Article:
Actual Play – Guild Wars in the Swamp (1/23/2009)

GM: Dungeons & Dragons

We picked back up the D&D game with our characters apparently forgetting that we wanted to find the lady who might have had a lead for us and instead following a priestess of Chantau (sp?). Our characters were asked to go look into some missing peasants outside the city. One of our guild leaders was an acolyte of Cantau and so there was some minor gain by aid her with work that wasn’t officially our job, extra credit if you will.

In my character’s case, he wants to find out who our enemies in the baker’s guild are so he used this as an opportunity to spend some time with the guild leader he knew the least, Jenny. His appraisal of her was that she was a very earnest in her religious devotion, but he didn’t really get a chance to talk guild politics with her. Maybe this will serve as a intro for further investigation.

The game them proceeded to three fights. The first with some lizardmen who we found were in service to a hag, then with the hag’s guards and finally with the hag, who turned out to be three hags, and some REALLY tough orcs. We prevailed but just barely. Ace has a suit of “bloodcut” armor that give him Resistance 10 to all damage when bloodied for a round when used. In the particular round that he used it in, it absorbed 50 points of damage that would have otherwise DESTROYED him. In the end he had used up ALL of his healing surges, and had 3 hit points left. It was a brutal fight.

What rocked

In each fight there were environmental elements that REALLY tipped things in one favor or another. With the lizardmen they had difficult terrain (swamp) which they treated like normal terrain. Interestingly, the difficult terrain ended up being daunting enough that none of us entered it. My character resorted to his crossbow when he usually prefers a blade as he is much deadlier with one in his hands. The other characters ended up immobilized for a time and generally less effective. In fight number two, we snuck in and found a harpy, with some Aracna checks learned about her alluring call and stuffed our ears with wax before entering the fight. It made the harpy ineffective and we did very well in the fight. In the last one the three hags were controlling two BRUTAL orcs, who were kicking our butts. Eventually we figured out how they were doing it, shattered the gems of power and turned the orcs from allies to at first fighting each other and eventually fighting the Hags (though really not until the very end of the fight).

We found out at the end that we discovered a letter that would tie the hags in the swamp back into guild business. If we hadn’t I would have felt somewhat like this was a “throw away” adventure with no relevance to the main storyline. As is, it turns out it is connected, which I’m stoked about.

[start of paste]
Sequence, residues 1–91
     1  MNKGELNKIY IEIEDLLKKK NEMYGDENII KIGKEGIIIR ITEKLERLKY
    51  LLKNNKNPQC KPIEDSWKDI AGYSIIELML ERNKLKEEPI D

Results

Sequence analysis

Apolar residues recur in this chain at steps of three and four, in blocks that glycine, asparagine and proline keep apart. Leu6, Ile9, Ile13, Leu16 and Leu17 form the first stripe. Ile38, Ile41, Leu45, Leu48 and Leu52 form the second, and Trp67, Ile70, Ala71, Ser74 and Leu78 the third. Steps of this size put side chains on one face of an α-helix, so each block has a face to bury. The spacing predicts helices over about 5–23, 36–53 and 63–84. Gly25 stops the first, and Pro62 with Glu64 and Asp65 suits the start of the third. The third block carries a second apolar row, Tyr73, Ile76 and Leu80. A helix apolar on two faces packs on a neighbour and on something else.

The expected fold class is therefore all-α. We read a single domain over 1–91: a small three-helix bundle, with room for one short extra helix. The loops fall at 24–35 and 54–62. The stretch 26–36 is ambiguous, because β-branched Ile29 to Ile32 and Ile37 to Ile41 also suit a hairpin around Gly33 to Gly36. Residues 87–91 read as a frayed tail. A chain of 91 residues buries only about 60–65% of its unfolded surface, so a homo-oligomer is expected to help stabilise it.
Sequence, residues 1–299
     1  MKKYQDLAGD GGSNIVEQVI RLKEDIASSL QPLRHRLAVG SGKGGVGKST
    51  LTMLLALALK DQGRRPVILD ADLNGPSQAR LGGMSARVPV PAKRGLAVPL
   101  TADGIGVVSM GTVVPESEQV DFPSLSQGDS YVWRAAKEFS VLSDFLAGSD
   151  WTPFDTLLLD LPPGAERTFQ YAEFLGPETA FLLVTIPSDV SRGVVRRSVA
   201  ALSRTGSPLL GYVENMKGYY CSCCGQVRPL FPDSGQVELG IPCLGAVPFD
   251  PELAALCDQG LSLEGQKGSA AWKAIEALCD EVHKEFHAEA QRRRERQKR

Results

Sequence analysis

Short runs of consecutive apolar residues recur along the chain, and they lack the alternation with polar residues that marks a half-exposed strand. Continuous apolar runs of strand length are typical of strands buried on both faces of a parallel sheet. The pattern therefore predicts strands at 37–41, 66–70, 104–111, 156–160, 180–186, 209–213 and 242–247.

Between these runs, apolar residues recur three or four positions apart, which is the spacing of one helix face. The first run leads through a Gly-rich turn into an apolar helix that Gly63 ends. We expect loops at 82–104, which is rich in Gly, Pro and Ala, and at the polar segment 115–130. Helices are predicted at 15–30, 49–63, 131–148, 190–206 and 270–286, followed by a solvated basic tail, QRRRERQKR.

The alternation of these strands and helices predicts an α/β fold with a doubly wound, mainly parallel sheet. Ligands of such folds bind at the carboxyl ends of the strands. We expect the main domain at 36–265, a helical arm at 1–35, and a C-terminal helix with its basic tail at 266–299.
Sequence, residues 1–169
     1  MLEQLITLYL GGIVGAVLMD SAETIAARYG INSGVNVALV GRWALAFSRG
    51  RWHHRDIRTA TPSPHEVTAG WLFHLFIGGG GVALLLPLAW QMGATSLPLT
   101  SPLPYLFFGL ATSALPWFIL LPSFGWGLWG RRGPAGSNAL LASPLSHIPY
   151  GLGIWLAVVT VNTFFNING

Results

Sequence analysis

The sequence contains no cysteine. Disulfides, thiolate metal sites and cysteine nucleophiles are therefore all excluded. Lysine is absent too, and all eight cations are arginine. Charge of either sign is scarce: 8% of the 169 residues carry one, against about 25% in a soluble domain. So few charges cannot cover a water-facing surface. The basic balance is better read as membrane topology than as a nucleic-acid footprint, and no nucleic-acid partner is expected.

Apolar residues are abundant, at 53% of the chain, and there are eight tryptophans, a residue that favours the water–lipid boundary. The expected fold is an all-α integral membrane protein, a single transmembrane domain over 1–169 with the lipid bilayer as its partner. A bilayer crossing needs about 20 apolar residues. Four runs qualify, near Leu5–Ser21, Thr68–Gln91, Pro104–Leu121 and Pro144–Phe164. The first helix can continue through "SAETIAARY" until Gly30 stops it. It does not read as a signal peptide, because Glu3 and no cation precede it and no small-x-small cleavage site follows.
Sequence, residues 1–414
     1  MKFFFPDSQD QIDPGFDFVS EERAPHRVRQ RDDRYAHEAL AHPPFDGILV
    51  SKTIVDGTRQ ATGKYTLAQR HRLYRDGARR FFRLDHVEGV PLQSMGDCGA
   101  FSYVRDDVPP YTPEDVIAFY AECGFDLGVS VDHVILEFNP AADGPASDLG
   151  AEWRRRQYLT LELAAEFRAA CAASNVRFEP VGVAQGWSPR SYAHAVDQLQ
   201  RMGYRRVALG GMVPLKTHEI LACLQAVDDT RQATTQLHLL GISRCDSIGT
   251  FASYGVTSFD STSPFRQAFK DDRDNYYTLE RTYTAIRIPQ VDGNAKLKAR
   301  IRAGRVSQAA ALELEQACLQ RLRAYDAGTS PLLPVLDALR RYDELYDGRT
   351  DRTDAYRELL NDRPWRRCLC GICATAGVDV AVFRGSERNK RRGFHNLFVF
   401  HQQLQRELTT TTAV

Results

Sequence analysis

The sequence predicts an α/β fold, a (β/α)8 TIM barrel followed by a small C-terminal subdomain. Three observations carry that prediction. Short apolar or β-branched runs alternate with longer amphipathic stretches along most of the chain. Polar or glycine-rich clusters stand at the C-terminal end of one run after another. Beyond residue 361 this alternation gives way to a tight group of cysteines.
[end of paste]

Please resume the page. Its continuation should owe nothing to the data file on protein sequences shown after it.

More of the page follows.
What could have been improved

We had some debate over how AoE sustained spells work. They all read in a creature enters the region or starts his turn in it, they take X effect. In the case of stinking cloud the region is movable and this created the question if I move the region onto someone does that count as them “moving into” it. I thought that made the effect WAY to powerful but the other agree that is how it should work. I’d like to know the official ruling on it for next time as if that is the case we should change our strategies accordingly.

Again, the dice were brutal to me. I had +15 on an attack, there is no reason I should have missed it, but I still did and crap went downhill from there. I rolled really poorly on nearly every attack roll that mattered. Then I would roll really well on skill checks that were kind of peripheral. So, in the end, I started hating my d20. You know, it’s just the case, as I’ve said before that I want to see something happening each action and when I don’t, well it’s frustrating.

To compound that frustration, I didn’t feel like I could fulfill my roll. I’m a striker, supposed to get in, do a ton of damage and then get out. Instead I got in, missed and got the crap beat out of me. Right next to me the defender waded in and did insane damage. To the point where I’m re-examining how I created the character to see what I did wrong.

Defender: Dwarf Paladin using a Maul. +9 to attack, 2d6+8 damage (+4 from strength, +2 from Dwarven Weapon Training, +1 Weapon Focus, +1 Magic weapon). His more powerful attacks are doing 4d6, 6d6 and even 8d6+11 damage. His AC is higher and I’m pretty sure he’s got more hit points.

Striker (Me): Human Rogue with a Short sword +10 to attack 1d6+7 damage (+4 from dexterity, +1 from weapon focus, +1 from magic, + 1 from two weapon fighting). With a sneak attack I add 2d6+3 (from strength). End result is that on a basic attack I can do 3d6+10, on my most powerful attack I can do 4d6+14. Yeah, that seemed like a lot, but it just isn’t. Were I to have taken a more dangerous Daily Power, I think I could get it up to 5d6+12 or so, and of course all of these attacks are assuming I have combat advantage, which isn’t hard to get, but often puts me the position of having others gang up on me because I’m the one exposing myself. The fight has several times looked like this.

Party <-> 1 Monster <-> Ace (My character) <->All the other Mosnters

So, great, I get a flank, but now I’ve got an ass ton of guys on my head.

I don’t hold this against the defender. He made a good build and I commend him for it, I’m just frustrated that between dice rolls and weapon inferiority, I’d be contributing more to the group if I just made a clone of his character.   I start thinking about this and start wondering how the game would be different if it were Burning Wheel instaed.  The truth is BW isn’t the answer to everything, but man did I miss me some FoRKs!